High negative charge-to-size ratio in polyphosphates and heparin regulates factor VII-activating protease

Authors


S. M. Kanse, Institute for Biochemistry, Justus-Liebig-University Giessen, Friedrichstrasse 24, 35392 Giessen, Germany
Fax: +49 641 9947509
Tel: +49 641 9947521
E-mail: sandip.kanse@biochemie.med.uni-giessen.de

Abstract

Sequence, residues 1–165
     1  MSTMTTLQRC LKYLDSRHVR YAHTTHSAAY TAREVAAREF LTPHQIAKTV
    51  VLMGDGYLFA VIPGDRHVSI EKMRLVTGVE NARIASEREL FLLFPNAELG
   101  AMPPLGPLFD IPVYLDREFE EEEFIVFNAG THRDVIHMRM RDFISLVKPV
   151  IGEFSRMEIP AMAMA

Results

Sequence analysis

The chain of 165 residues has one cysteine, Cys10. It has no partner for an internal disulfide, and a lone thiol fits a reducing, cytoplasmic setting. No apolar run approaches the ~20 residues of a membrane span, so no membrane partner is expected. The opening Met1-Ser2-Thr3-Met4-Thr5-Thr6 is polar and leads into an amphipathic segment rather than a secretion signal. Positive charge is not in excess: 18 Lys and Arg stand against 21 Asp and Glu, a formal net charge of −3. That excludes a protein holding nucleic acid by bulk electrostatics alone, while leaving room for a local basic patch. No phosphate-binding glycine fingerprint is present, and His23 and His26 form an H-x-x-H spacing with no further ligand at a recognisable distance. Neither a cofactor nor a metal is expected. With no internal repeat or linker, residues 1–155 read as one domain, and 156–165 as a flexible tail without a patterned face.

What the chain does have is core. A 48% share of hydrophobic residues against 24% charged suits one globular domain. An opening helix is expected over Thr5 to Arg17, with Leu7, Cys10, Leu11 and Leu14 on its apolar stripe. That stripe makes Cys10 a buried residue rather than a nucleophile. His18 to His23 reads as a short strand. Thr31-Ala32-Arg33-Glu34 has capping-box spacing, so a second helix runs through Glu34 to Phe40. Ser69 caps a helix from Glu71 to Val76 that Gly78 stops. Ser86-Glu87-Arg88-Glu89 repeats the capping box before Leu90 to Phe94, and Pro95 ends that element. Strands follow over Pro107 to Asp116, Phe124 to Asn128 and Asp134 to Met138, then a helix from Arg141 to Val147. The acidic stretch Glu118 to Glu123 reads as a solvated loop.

Factor VII-activating protease (FSAP) circulates as an inactive zymogen in the plasma. FSAP also regulates fibrinolysis by activating pro-urokinase or cellular activation via cleavage of platelet-derived growth factor BB (PDGF-BB). As the Marburg I polymorphism of FSAP, with reduced enzymatic activity, is a risk factor for atherosclerosis and liver fibrosis, the regulation of FSAP activity is of major importance. FSAP is activated by an auto-catalytic mechanism, which is amplified by heparin. To further investigate the structural requirements of polyanions for controlling FSAP activity, we performed binding, activation and inhibition studies using heparin and derivatives with altered size and charge, as well as other glycosaminoglycans. Heparin was effective in binding to and activating FSAP in a size- and charge density-dependent manner. Polyphosphate was more potent than heparin with regard to its interactions with FSAP. Heparin was also an effective co-factor for inhibition of FSAP by plasminogen activator inhibitor 1 (PAI-1) and antithrombin, whereas polyphosphate served as co-factor for the inhibition of FSAP by PAI-1 only. For FSAP-mediated inhibition of PDGF-BB-induced vascular smooth muscle cell proliferation, heparin as well as a polyphosphate served as efficient co-factors. Native mast cell-derived heparin exhibited identical properties to those of unfractionated heparin. Despite the strong effects of synthetic polyphosphate, the platelet-derived material was a weak activator of FSAP. Hence, negatively charged polymers with a high charge-to-size ratio are responsible for the activation of FSAP, and also act as co-factors for its inhibition by serine protease inhibitors.

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